Be Accountable for Setting and Receiving Clear Expectations | FOW #15

woman giving a presentation to colleagues

Make sure your expectations are clear and what people hear is what you are asking. Be clear about what’s expected of you.

I’m certain each one of us, at some point, has been frustrated to receive effort and work from our team that does not meet our expectations and/or does not serve the objective.

I’m equally certain you’ve found yourself working hard towards what you believed was a shared goal, only to find much of your work useless, as you misunderstood the end goal.

Both situations happened more than once in my management career prior to joining Momentum Consulting and each time, it was my fault.

As a leader, it is your role to not only establish a vision but to ensure that you and your team agree on and understand the path to that vision. There are obvious means to clarify expectations: establishing or installing a system of weekly goals with checkpoints, written action items summarizing meetings and requesting each team member parrot back to you what they understand their next steps to be.

But is that enough?

The key to setting and clarifying expectations lies not just in repetition but in understanding. When establishing the overarching vision, as well as its milestone objectives, it is your responsibility to ensure that your team truly understands. You’ve hired smart people; if they share your understanding of the vision and objectives, they’ll get there. Open that meeting up, encourage questions, objections, and discussions. Time spent on the front end making absolutely certain everyone understands and buys into the objective and your expectations of their – and your – contribution to that objective will save considerable time which might have been wasted on misdirected effort and do-overs.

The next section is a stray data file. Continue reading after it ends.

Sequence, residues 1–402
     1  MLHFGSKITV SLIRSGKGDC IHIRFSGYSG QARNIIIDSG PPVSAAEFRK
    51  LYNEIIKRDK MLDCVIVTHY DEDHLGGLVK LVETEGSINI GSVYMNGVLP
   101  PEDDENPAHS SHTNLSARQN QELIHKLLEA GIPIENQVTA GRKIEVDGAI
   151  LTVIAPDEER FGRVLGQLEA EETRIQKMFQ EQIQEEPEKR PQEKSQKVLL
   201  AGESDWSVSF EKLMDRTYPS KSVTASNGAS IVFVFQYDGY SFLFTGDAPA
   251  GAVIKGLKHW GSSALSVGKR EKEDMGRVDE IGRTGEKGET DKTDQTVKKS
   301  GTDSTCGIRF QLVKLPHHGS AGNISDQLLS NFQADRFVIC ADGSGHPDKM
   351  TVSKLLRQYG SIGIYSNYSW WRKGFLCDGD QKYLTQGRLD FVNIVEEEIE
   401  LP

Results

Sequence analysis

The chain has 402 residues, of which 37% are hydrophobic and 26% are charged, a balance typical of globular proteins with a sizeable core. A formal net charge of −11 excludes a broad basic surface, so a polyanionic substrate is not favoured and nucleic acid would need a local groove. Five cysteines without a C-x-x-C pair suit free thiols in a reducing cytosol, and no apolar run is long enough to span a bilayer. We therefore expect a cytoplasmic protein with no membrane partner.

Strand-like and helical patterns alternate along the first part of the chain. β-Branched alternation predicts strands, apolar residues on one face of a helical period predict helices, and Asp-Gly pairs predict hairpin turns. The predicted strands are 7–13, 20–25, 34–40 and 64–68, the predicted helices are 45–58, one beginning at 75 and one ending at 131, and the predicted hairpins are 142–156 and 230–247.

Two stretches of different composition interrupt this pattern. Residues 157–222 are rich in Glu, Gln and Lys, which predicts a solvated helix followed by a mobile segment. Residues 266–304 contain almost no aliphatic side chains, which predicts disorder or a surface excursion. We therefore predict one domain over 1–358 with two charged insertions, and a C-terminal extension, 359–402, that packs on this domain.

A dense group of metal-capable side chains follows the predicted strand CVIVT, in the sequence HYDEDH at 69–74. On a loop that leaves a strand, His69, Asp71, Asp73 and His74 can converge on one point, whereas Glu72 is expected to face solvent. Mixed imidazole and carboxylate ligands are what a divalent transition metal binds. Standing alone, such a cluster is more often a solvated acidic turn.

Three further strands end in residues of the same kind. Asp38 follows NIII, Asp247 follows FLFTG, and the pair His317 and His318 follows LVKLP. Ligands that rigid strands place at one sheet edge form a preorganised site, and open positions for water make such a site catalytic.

Great leadership takes practice. It also necessitates more than a few mistakes before we get it right! I’m sure you can think of a few examples of misunderstood objectives from which you’ve learned. I would very much like to hear about your particular method for establishing shared expectations; please comment below with your thoughts.

All the best,

Tracey

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